“I need help with my colitis.”
“Really? I thought we had things pretty well controlled.”
I hadn’t seen her in the better part of a year. I remembered how hard it had been to get her ulcerative colitis into remission. How sick she had been, how miserable her life was. There was a bit of trial and error in the office, followed by a hospitalization for intravenous steroids, then a tapering dose of prednisone and a transition to budesonide, a steroid who’s metabolism greatly limits many of the nasty side effects of prednisone. And she had lots of prednisone side effects: swollen ankles, blood pressure creeping up, moody, couldn’t sleep, acne. That had all slowly faded when she transitioned to budesonide and a 5-ASA agent (a nonsteroid medication for colitis).
“Are the medicines not working anymore?” I asked.
“I’m not on any medications now. And it’s back. And I’m sick. And I’m really scared.” At this point, she started to cry.
“Why did you stop your medications?” I was really taken aback. This made no sense.
“I didn’t want to stop them, but my insurance company quit paying for them. It was going to cost me over four hundred dollars a month for them, and I don’t have that kind of money. When I ran out, everything seemed OK, so I thought I might be all right. But it’s not all right. I don’t want to get sick like that again.” She was really starting to cry now.
I handed her a box of tissues. “We’ll figure this out. Don’t worry.”
I looked at her: late twenties, a few years out of graduate school. A young professional building her life. She had a good job with decent benefits including health insurance. Yet her insurance company had changed its prescription drug policy, and her meds were no longer covered. She had talked with her pharmacy and her insurance company. They had suggested prednisone and an older medication called sulfasalazine that was commonly used a number of years ago but had lots more side effects than the 5-ASA she was taking. The thought of placing a 28-year-old woman on chronic prednisone or some other agent with more risk or more side effects simply because her insurance company had renegotiated its pharmacy contracts or a drug manufacturer had suddenly upped their prices made me angry.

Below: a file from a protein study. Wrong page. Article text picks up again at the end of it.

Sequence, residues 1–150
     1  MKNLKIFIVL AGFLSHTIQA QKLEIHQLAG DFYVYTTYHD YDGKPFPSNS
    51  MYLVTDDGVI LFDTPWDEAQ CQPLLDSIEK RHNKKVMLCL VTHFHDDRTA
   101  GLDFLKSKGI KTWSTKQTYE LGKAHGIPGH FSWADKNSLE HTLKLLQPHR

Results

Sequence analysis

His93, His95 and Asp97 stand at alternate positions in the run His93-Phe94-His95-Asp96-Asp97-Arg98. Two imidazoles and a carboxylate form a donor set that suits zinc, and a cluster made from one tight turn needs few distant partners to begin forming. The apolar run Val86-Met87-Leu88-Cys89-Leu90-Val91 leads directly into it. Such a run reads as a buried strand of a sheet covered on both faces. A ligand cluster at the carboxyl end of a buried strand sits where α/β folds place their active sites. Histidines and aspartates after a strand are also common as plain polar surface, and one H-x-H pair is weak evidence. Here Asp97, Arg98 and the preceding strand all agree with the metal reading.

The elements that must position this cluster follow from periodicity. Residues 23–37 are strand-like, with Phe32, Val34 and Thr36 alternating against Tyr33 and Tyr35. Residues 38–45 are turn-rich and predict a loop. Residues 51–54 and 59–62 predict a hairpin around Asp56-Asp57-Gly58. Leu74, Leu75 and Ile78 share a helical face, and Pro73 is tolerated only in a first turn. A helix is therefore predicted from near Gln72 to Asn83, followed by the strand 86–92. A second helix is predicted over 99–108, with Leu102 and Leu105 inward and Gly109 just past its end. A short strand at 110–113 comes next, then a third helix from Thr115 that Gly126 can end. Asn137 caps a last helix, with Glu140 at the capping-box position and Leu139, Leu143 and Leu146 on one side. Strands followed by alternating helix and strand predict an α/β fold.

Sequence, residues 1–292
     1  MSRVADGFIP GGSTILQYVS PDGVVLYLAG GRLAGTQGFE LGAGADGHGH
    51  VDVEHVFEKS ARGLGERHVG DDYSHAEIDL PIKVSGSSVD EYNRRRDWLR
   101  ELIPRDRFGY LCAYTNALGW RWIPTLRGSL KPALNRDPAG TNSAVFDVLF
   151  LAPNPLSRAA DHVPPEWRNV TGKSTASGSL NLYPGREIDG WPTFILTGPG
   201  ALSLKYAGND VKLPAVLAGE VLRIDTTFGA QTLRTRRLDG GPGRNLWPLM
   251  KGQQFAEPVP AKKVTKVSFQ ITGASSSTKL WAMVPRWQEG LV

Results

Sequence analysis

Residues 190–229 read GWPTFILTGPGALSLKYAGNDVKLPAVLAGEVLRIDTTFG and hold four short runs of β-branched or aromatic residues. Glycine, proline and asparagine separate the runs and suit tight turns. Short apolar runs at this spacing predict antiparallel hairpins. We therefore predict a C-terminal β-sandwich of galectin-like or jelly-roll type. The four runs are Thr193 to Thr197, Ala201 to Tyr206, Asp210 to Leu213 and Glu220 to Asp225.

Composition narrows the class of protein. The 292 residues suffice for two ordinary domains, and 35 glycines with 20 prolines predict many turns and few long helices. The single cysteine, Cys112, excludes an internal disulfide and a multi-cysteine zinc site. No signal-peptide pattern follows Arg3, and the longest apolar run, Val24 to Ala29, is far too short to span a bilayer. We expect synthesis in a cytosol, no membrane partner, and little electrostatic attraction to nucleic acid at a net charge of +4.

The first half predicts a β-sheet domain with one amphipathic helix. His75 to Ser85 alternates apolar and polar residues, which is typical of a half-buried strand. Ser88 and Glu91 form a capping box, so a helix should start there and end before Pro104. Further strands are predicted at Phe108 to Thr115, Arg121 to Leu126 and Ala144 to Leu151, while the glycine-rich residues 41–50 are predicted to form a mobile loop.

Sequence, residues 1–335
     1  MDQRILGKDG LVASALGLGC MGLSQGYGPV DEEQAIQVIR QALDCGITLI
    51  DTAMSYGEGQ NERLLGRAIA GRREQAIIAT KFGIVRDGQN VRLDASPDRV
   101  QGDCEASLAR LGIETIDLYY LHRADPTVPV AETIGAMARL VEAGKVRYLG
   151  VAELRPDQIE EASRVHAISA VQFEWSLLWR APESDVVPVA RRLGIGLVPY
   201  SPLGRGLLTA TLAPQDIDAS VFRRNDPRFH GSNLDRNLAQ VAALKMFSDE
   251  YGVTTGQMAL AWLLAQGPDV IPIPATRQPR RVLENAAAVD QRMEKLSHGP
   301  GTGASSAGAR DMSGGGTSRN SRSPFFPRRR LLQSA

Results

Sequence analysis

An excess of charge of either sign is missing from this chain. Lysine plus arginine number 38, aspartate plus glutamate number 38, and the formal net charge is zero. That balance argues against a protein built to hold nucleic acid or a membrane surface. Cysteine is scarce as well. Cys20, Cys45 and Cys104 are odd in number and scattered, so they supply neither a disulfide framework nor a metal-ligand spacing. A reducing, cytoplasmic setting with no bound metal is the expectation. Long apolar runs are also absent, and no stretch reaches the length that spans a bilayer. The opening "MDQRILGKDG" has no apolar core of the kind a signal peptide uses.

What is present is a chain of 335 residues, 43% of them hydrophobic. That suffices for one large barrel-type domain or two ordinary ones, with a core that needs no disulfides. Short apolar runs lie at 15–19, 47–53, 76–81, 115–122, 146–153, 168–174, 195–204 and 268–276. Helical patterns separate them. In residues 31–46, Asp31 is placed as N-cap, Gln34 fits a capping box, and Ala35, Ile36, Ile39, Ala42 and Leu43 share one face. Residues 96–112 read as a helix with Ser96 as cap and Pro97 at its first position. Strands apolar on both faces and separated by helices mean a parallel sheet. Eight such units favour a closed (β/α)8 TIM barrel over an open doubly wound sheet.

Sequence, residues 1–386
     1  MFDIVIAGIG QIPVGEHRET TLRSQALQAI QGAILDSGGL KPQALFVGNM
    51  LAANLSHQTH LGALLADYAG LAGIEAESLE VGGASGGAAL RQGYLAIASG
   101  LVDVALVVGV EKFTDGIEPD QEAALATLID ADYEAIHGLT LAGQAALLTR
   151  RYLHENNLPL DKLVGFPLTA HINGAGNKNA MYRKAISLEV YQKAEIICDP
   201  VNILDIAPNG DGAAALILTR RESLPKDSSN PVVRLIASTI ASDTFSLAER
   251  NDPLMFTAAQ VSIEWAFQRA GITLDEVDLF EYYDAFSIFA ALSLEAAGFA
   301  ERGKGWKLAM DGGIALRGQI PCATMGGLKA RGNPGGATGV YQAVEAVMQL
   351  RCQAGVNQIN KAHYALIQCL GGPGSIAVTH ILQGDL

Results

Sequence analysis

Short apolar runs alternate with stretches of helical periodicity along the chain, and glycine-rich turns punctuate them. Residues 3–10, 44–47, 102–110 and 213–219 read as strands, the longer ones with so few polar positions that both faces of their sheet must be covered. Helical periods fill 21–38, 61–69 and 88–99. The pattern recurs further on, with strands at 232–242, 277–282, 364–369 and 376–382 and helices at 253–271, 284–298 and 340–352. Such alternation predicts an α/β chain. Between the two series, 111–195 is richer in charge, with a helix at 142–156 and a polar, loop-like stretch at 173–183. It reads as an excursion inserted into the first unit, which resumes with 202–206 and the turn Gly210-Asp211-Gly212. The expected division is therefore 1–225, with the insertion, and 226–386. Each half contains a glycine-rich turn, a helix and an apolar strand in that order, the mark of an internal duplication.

And she was the third patient of the day who had insurance but couldn’t afford their medications. The third patient who had to make a choice between paying for medicines or paying the mortgage or their child’s tuition or the grocery bills or their spouses’ medications.
They didn’t choose to get sick or injured or to get cancer. These aren’t people who sat around and smoked and ate potato chips and drank a twelve pack of beer a day and never exercised and now want someone to help them with their heart disease and adult-onset diabetes and emphysema and high blood pressure. These aren’t people who are looking for disability or a handout. They are you and I. They include my friend with two healthy kids and good health insurance and no major medical events that still had $11,000 in out of pocket medical expenses last year. They are hard working people trying to lead productive lives and make something for themselves and their families and build a future for their children. They are trying to achieve the American dream that my parents’ generation and our generation were told about.
Just think of what $11,000 would do to help you achieve your American dream. Instead, it’s helping some insurance or pharmaceutical or hospital executive achieve their dream. We pay exorbitant amounts of money for mediocre health care outcomes compared to the rest of the world. People are dying or going broke because they can’t afford care in this country. Ask any physician. We see it every day. Over and over and over. It needs to end.
Michael P. Jones is a gastroenterologist.
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